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dc.contributor.advisorKerley, Monty Stephen, 1960-en_US
dc.contributor.advisorGarrett, H. E.en_US
dc.contributor.authorLadyman, Kenneth P., 1976-en_US
dc.date.issued2010eng
dc.date.submitted2010 Fallen_US
dc.descriptionThe entire thesis text is included in the research.pdf file; the official abstract appears in the short.pdf file; a non-technical public abstract appears in the public.pdf file.en_US
dc.descriptionTitle from PDF of title page (University of Missouri--Columbia, viewed on April 8, 2010).en_US
dc.descriptionThesis advisors: Dr. H.E. "Gene" Garrett and Dr. Monty Kerleyen_US
dc.descriptionIncludes bibliographical references.en_US
dc.descriptionM. S. University of Missouri--Columbia 2010.en_US
dc.description.abstractThis research was conducted at the University of Missouri Hugo Wurdack Farm located near Cook Station, MO (Crawford County, Section 36, Township 36N, Range 5W). Plots were located on north- or north-east facing slopes. Grazing plots were 132.9 meters on the contour of the slope and 70.1 meters from base of the slope. The experiment was designed as a randomized complete block with five treatments, and five replications of each treatment. The five treatments were: (1) 1.01 hectares thinned forest, planted with selected forages and grazed, (2) 0.51 hectares thinned forest, planted with selected forages and not grazed, (3) 0.51 hectares thinned forest only, with no forage planting and not grazed, (4) 0.51 hectares control forest (no applied management), and (5) 1.01 hectares open pasture. Forage treatments were established on April 4 and 5, 2003, using Kentucky 31 Tall Fescue (Lolium arundinacea Schreb.). Red clover (Trifolium pretense L.) and "Marion" lespedeza (Kummerowia striata Thunb.) were sown on April 9, 2003. All treatments received 154 kg per hectare of 0-150-75 fertilizer. The number of trees left per ha following thinning averaged 165. Forages were harvested May 3, 2004 (cutting 1) and again on May 28, 2004 (cutting 2). All forages were analyzed for their content of nitrogen (N), neutral detergent fiber (NDF), and acid detergent fiber (ADF). The silvopasture had a lower NDF and ADF for the May 28 cutting compared to the open pastures.en_US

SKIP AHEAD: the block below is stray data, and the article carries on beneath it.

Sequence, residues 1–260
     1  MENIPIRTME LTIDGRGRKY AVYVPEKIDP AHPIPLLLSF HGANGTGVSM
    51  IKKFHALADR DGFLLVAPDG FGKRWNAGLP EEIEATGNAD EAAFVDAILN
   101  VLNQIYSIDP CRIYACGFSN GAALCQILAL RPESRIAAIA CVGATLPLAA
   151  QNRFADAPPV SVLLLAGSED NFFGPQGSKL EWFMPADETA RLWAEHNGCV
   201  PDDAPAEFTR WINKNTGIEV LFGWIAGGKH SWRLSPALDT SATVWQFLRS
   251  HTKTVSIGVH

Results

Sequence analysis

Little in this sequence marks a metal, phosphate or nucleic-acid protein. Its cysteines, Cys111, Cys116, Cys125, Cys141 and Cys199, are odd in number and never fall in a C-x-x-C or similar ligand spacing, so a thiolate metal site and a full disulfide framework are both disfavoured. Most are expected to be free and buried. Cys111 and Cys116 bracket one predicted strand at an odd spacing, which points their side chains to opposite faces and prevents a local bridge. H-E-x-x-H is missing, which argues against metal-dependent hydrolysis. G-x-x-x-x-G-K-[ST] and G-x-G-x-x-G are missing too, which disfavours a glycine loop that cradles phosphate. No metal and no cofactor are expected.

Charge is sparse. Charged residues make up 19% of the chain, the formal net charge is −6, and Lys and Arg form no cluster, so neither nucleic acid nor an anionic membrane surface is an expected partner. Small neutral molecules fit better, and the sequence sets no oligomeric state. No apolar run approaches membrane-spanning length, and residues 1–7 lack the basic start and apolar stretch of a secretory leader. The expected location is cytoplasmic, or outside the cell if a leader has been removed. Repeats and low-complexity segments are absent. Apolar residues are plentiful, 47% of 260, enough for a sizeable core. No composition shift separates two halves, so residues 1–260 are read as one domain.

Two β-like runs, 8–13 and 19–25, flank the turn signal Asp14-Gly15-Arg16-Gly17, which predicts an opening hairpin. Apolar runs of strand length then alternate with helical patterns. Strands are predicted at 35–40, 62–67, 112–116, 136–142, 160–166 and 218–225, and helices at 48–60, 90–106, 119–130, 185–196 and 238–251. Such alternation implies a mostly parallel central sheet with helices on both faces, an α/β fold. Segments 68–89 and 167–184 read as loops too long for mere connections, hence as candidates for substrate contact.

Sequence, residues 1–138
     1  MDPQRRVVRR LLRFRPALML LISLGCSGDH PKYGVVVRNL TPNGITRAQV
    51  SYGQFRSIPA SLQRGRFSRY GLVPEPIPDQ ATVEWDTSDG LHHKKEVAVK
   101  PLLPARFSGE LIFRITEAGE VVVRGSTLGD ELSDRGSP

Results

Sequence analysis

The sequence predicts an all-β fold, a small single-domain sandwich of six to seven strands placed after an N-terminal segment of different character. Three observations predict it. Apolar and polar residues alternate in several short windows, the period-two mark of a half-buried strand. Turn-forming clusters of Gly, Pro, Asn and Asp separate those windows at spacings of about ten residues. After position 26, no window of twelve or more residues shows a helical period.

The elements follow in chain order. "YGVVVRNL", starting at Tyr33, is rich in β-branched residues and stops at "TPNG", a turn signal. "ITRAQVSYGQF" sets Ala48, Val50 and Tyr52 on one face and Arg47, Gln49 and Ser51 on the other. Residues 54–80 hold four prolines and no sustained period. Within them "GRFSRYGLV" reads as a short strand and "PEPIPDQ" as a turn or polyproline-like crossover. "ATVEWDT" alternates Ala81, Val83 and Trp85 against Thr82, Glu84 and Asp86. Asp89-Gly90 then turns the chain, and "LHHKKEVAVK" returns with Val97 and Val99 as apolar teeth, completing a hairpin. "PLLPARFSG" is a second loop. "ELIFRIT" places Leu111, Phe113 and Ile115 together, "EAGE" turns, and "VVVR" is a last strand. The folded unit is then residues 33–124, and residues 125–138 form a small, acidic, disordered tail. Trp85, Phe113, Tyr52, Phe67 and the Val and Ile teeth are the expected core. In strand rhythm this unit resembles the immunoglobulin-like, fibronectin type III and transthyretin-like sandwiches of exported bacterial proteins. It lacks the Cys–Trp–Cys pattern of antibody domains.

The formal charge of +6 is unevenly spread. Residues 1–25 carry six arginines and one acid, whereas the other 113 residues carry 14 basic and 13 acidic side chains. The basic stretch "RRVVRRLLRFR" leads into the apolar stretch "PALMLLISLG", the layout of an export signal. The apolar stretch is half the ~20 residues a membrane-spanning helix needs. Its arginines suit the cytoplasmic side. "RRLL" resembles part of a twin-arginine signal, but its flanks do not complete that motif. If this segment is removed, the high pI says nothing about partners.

dc.format.extentvi, 59 pagesen_US
dc.identifier.merlinb82191724
dc.identifier.oclc711874762en_US
dc.identifier.otherLadymanK-120310-T324en_US
dc.identifier.urihttp://hdl.handle.net/10355/10543
dc.publisherUniversity of Missouri--Columbiaen_US
dc.relation.ispartofcollection2010 Freely available theses (MU)
dc.relation.ispartofcommunityUniversity of Missouri-Columbia. Graduate School. Theses and Dissertations. Theses. 2010 Theses
dc.subjectsilovplatoral systemsilvopastureen_US
dc.subject.lcshTreesen_US
dc.subject.lcshFodder treesen_US
dc.subject.lcshForage plantsen_US
dc.subject.lcshGrazingen_US
dc.subject.lcshPasturesen_US
dc.subject.lcshTall fescueen_US
dc.subject.lcshRed cloveren_US
dc.subject.lcshLespedezaen_US
dc.titleEstablishment of silvopastoral system into a Missouri hardwood foresten_US
dc.typeThesisen_US
thesis.degree.disciplineForestryen_US
thesis.degree.disciplineForestryeng
thesis.degree.grantorUniversity of Missouri--Columbiaen_US
thesis.degree.levelMastersen_US
thesis.degree.nameM.S.en_US


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